Weekly dilemma: Changing terms and conditions

Following some redundancies my business is functioning well. However, the process raised some problems with the terms in my employees’ contracts of employment, which I’d like to rectify. Can I alter them without notifying staff first?

If you change the terms and conditions of contracts without staff agreement you risk claims of breach of contract and constructive dismissal.

Review the existing terms to establish if the contracts have some flexibility built in – you may have an existing express right to vary certain elements. However, even if you do have a contractual right to change terms, you will be able to effect a change safely only by acting reasonably and not undermining the mutual duty of trust and confidence. For example, you may have the right to require an employee to work from another office, but asking an employee to move a long distance on a week’s notice may well be unreasonable and leave you vulnerable to claims.

If you don’t have a contractual right to enforce the changes then you should try to agree them with your employees. In these difficult times, many employees will appreciate the need to change contractual terms if they are genuinely consulted on the matter and the rationale behind the changes is explained to them.

To reduce the impact of the changes, you could consider phasing them in over a period of time. You might also try introducing the changes as part of a package of measures, where some of the changes are beneficial to the employees. Depending on the terms of the employees’ contracts, it might be possible to introduce the changes alongside pay reviews.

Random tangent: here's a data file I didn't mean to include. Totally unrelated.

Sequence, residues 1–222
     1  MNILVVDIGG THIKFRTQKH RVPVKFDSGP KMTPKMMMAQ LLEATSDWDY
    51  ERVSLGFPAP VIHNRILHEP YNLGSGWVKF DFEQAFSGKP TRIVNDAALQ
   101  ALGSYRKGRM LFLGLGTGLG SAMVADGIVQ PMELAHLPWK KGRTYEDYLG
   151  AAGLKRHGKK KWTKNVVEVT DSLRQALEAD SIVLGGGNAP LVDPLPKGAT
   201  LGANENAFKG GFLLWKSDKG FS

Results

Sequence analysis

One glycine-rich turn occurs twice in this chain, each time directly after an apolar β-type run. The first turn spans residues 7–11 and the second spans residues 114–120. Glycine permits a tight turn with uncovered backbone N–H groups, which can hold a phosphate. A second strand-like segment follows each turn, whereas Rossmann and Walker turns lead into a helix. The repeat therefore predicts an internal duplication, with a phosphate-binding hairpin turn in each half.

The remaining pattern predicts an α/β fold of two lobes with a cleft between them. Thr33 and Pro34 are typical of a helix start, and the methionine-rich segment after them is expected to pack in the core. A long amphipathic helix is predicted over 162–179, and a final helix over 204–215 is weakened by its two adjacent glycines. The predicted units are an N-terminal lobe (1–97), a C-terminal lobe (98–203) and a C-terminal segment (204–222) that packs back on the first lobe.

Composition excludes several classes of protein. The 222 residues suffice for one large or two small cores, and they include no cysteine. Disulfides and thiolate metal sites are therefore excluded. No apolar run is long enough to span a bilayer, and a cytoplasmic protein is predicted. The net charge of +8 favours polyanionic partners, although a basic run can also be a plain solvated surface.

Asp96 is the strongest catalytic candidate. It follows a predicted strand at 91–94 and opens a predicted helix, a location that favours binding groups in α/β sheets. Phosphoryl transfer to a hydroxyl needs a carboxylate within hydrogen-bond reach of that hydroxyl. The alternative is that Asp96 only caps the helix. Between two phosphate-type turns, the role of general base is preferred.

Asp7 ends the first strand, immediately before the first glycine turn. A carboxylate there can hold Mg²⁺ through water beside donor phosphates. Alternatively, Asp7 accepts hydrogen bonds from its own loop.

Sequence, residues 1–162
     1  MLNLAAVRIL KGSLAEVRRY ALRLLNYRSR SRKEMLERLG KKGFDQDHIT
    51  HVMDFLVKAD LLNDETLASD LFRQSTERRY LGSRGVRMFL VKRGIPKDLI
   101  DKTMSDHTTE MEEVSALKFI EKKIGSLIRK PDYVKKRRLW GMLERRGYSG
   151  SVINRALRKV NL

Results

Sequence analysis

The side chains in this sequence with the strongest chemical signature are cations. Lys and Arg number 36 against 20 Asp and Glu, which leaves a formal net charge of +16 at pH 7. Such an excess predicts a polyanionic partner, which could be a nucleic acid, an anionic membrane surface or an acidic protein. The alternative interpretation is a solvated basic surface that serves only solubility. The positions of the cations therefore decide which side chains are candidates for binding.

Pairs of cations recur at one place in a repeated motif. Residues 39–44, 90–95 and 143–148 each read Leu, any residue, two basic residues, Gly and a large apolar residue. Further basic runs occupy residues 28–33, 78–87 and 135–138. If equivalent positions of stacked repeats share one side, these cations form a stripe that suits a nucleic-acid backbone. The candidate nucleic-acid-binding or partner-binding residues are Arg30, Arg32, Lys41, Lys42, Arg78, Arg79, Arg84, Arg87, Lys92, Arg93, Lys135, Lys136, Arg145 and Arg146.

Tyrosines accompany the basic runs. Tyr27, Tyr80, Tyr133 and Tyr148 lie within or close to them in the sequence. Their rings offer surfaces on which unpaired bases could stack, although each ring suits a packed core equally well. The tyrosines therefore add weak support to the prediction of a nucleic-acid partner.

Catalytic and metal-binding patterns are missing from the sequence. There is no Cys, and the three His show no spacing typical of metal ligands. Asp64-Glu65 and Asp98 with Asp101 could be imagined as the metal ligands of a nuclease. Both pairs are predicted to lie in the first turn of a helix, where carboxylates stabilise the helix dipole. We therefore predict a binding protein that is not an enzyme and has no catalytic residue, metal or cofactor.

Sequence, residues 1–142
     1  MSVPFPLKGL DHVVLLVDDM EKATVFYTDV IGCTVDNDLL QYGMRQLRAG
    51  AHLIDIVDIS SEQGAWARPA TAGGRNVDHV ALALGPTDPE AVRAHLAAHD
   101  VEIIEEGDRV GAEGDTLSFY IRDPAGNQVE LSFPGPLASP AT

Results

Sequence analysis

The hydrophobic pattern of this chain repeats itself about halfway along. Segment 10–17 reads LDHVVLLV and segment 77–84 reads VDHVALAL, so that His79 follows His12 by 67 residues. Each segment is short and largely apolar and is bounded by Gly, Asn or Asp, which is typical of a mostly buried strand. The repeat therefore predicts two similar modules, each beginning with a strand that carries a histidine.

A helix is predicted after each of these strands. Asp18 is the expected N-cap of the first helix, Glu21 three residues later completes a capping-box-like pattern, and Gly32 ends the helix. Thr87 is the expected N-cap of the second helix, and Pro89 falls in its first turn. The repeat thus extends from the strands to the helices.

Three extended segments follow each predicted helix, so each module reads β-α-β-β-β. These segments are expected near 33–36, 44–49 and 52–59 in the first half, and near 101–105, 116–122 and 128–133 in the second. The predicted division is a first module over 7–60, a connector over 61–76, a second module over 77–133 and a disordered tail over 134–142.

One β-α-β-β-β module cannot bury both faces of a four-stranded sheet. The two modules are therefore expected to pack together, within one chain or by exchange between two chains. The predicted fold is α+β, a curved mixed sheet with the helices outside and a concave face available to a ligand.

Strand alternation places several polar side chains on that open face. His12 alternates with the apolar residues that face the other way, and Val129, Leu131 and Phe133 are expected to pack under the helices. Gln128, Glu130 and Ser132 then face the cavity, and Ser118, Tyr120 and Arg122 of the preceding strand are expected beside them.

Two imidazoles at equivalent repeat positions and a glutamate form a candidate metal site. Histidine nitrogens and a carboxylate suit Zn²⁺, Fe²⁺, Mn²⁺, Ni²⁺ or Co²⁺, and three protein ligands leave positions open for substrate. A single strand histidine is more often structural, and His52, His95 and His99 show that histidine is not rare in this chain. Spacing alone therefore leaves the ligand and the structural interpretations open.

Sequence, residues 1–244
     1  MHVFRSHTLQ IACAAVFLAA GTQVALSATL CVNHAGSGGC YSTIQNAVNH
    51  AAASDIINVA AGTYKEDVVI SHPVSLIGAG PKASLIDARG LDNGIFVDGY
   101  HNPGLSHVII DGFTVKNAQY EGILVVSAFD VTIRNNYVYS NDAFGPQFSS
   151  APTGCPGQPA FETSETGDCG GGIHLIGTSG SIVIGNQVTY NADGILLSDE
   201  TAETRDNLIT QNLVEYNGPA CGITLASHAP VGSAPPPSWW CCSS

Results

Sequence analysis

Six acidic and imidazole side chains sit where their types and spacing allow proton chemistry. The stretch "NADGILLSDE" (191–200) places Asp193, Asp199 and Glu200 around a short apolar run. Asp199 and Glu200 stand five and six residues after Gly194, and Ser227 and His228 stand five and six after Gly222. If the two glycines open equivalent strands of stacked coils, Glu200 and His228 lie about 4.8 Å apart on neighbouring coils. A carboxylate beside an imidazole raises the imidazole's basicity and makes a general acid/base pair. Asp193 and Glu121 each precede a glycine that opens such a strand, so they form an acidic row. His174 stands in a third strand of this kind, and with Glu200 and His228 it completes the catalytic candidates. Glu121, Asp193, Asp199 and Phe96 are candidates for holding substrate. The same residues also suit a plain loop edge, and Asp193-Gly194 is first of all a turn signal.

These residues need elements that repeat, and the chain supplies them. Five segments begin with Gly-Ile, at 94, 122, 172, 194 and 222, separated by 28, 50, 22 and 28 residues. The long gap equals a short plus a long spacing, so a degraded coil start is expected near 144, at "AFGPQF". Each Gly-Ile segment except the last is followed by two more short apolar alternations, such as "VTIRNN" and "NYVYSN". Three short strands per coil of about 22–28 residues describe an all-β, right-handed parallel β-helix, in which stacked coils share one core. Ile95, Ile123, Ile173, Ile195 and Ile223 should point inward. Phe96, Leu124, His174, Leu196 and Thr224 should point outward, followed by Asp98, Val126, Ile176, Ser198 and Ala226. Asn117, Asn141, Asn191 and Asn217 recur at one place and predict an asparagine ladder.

If you cannot agree the changes with your employees then, as a final measure, you may have to terminate their current contracts by giving lawful notice, and then offering those employees immediate re-employment on the new terms that you want to introduce. If the changes that you plan to introduce are likely to affect 20 or more employees, then you will be under an obligation to carry out collective consultation. This will mean notifying the Secretary of State and, often, the election of employee representatives.

This collective consultation procedure is the same process that you would carry out in a redundancy process that might result in the dismissal of 20 or more employees. Although it may be too late to turn back the clock now, collective consultation processes are a useful vehicle to consult on contractual changes for the future as well as making your business leaner.

Kevin McKenna, senior associate, Weightmans LLP

XpertHR guidance on changing contract terms

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